The Key to Effective “Salesmanship in Print”

Mark Clemente ThumbnailI had occasion to be standing on a gas line in the aftermath of last year’s hurricane—red plastic can in hand. Waiting in front of me was a pharmaceuticals sales rep.

Clearly, we had at least a half-hour before reaching a pump to get our allotted five gallons. Our conversation initially focused on obligatory topics: the massive storm, weather-related energy shortages, the impact of global warming, etc. That lasted all of two minutes. It was time for a more productive dialogue—from my standpoint, at least.

I mentioned that I worked in pharma advertising and that I was supporting a major new drug launch at the time. I seized the opportunity to ask him some questions: When doctors look at an MVA, what do they really focus on? How much do physicians truly probe the key clinical data? When all you have is a two-minute meeting in the hallway, what key information do you try to convey?

He was forthcoming and candid. In just a few minutes, I gained extremely valuable insights—much more than I’d gotten from hours and hours worth of reading voluminous market research decks tied to physician feedback and messaging-related imperatives.

I was immediately reminded of the old Chinese adage…

“A single conversation across the table with a wise (person) is worth a month’s study of books.”

So why is this a blog-worthy anecdote? Because it ties to a less-than-positive trend.

I’ve supported several different brands over the past few years, including having worked on two launches. In that time, there have been many client-sponsored sales events, POAs, and other strategic gatherings that would be highly beneficial for creative and account team members to attend. Unfortunately, rarely am I or my agency team colleagues invited to these types of forums.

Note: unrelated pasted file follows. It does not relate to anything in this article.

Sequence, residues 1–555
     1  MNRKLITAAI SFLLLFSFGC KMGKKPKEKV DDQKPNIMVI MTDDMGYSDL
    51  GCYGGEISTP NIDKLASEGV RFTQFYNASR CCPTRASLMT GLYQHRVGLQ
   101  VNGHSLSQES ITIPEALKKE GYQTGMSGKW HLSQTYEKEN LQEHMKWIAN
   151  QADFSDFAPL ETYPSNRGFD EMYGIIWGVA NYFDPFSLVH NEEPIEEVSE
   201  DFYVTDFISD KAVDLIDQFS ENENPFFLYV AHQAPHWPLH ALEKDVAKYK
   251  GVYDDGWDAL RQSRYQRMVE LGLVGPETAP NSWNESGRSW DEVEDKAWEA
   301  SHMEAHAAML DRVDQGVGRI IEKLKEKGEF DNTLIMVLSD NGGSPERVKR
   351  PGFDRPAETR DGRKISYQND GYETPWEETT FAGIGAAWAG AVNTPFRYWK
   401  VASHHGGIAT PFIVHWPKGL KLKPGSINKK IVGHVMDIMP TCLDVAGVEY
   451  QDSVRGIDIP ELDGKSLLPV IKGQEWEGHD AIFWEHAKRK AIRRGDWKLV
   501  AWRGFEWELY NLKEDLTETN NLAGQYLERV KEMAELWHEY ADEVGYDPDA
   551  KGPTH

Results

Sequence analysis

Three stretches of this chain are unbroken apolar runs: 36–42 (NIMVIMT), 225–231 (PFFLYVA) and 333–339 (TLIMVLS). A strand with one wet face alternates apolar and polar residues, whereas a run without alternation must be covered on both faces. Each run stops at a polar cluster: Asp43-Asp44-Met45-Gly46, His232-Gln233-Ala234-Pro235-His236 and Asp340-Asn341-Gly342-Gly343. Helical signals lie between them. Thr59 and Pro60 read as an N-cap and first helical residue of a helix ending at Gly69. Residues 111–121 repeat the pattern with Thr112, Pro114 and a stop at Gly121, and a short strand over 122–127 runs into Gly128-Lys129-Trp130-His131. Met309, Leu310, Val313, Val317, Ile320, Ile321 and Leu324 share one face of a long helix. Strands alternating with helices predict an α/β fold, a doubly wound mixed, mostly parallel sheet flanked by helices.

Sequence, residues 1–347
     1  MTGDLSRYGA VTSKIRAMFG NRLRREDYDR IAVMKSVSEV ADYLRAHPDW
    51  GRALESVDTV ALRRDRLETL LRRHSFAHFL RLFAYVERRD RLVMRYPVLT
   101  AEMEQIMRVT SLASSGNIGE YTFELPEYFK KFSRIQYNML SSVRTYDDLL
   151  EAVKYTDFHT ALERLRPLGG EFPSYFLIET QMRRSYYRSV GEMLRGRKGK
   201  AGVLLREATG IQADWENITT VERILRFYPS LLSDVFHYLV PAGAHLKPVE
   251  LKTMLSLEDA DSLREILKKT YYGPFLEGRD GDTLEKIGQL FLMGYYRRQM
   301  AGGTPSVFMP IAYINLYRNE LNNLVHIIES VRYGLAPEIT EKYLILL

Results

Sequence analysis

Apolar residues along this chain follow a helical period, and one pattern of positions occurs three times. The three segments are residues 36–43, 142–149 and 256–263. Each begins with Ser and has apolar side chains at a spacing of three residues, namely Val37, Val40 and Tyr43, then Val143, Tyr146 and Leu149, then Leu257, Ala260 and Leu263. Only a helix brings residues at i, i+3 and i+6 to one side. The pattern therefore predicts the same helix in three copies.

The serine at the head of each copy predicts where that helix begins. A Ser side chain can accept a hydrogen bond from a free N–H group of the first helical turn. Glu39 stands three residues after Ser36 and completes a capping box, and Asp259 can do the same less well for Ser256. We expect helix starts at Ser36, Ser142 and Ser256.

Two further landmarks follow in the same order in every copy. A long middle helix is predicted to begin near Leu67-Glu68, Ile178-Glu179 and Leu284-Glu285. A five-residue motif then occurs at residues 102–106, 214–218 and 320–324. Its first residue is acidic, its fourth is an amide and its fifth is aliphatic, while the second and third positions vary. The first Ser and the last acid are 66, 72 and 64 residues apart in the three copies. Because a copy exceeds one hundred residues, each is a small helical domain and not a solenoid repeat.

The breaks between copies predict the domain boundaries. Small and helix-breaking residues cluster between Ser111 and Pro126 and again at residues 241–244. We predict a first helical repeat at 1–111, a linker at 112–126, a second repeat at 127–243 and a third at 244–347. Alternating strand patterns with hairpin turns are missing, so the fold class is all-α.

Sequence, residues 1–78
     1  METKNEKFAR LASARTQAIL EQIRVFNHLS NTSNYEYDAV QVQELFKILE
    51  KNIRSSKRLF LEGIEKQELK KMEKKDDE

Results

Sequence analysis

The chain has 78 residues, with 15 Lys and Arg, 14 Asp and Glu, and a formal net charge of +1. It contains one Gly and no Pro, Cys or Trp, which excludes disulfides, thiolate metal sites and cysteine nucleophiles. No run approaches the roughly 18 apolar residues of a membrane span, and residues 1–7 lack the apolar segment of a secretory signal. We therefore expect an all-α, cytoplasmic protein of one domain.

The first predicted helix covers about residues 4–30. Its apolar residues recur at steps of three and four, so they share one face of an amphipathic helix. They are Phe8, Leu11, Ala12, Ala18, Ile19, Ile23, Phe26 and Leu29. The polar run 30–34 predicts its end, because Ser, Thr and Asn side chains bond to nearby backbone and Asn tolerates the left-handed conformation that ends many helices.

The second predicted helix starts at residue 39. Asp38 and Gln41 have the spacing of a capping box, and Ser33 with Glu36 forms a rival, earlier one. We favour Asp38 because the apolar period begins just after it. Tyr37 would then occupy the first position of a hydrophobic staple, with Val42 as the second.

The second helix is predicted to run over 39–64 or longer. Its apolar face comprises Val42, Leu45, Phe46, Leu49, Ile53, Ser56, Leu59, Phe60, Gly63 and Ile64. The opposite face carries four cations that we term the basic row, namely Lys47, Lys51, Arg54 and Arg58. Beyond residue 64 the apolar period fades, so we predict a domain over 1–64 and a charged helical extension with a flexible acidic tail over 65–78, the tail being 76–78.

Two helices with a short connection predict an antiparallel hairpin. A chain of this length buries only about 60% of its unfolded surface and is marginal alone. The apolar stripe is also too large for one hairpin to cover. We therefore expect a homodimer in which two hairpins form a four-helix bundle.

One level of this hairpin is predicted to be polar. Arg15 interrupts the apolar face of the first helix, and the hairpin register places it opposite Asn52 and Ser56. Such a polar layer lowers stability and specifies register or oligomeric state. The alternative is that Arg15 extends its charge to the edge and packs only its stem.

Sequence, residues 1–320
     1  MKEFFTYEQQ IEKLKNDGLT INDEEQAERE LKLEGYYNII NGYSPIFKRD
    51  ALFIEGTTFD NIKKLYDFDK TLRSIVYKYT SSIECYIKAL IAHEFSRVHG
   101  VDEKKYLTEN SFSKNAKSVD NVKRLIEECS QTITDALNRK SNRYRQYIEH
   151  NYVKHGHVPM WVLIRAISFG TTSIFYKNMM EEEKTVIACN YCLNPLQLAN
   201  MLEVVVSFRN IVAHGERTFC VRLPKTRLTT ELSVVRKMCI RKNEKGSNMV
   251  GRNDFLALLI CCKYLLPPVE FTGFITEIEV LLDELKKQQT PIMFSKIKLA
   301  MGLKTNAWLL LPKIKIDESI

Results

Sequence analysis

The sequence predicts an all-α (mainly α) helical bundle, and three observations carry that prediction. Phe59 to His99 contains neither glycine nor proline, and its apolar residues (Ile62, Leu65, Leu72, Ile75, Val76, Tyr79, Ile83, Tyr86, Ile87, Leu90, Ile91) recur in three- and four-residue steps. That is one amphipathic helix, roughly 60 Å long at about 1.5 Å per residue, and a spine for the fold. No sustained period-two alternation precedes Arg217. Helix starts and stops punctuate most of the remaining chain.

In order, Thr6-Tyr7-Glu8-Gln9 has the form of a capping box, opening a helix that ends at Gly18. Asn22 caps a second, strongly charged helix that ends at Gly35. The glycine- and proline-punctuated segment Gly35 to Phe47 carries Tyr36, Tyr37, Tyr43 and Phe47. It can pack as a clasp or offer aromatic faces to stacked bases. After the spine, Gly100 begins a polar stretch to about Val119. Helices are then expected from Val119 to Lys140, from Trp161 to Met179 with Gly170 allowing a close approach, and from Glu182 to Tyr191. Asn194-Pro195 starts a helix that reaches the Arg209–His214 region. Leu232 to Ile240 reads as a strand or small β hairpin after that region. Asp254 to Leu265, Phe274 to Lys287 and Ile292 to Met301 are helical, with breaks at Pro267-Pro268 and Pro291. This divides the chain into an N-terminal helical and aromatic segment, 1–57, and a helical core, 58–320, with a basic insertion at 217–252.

By definition, advertising is designed for one purpose and one purpose only: to support the sales process. Indeed, promotional communications have historically been characterized as “salesmanship in print.” It stands to reason that the more sales-focused input we get—and the faster we get it—the better able we’ll be to shift gears (when necessary) and develop print and digital content that best serves the immediate needs of sales representatives.

So why am I—and many of my colleagues—not getting as many chances to directly interface with client-side sales professionals today? The reasons range from budgetary constraints (“We can’t afford to have agency people attend.”) to a possible lack of recognition that we’re strategic partners with our clients (“We just need you to write and design the piece; we’ll handle the strategy.”).

Sure, we get to see huge research binders and PowerPoint decks. And we get to “sit behind the glass” in viewing physician interviews. But it’s not the same as having face-to-face discussions with the sellers in the trenches.

It may be time to reinforce with our clients the importance of having direct contact with the sellers we support. This should be addressed in initial project planning—and it should be considered in the budgeting process if cost is a client concern.

In sum, we need to have more interactions with sales professionals in order to deliver effective “salesmanship in print” … and other channels.

“A single conversation across the table with a wise (person) is worth a month’s study of books.”

The benefits are obvious. (Not to mention the fact that we already have enough reading to do.)

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